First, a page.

It’s cleverly named System Monitor, and other than how it looks, it’s the best way ever to get all the technical data details so you can see how your Mac is behaving (or, misbehaving).
Based on my day job I know that most Mac users don’t really care about what’s going on inside the Mac until something inside doesn’t work right.
For example, the fan on a MacBook might indicate a problem, or simply too many Flash ads on web pages.
System Monitor brings so much information about your Mac’s internals– storage, activity, network, memory– you’ll be dazzled and perhaps a bit perplexed.
The app simply monitors a whole bunch of the Mac’s functions– hard disk activity, network activity, temperature, storage space, CPU load, and much more.
All the visible data can be perplexing but it’s all useful. Mostly.
You won’t have all of those menus open at once, of course, but you get the idea.
System Monitor monitors more than you probably knew your Mac was actually doing.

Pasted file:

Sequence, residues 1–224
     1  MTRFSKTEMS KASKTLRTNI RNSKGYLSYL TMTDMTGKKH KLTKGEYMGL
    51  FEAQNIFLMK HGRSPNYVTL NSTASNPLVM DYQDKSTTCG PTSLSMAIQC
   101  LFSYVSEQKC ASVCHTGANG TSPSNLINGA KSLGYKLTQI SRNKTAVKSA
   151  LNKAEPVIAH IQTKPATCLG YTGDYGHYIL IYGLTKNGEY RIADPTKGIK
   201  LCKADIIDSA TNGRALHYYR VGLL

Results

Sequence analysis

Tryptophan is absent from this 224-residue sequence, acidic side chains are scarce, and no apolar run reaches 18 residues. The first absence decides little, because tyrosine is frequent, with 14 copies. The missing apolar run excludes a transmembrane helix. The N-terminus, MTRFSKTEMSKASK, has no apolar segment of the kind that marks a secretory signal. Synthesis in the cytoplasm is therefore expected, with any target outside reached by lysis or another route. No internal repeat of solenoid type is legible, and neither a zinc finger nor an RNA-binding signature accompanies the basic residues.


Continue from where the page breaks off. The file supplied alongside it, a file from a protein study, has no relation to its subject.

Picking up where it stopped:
Storage volumes are monitored for used and free space. Total RAM is tracked by application, inactive, reserved, and free.
There’s a nifty graph which displays fan RPM, process load, and which apps are using how much of the CPU.
The network data menu can be useful, too, as it includes all network interfaces, including Wi-Fi, how much bandwidth has been used, incoming and outgoing, and graphs it accordingly.
For my MacBook the processes that put a drag on the CPU and RAM are often Flash-based, usually advertisements embedded into webpages, but System Monitor won’t tell you which ones.
It’s well done, not very expensive, and very useful to massage your geek gene or satisfy a curiosity about what’s going on while your Mac’s fan goes crazy.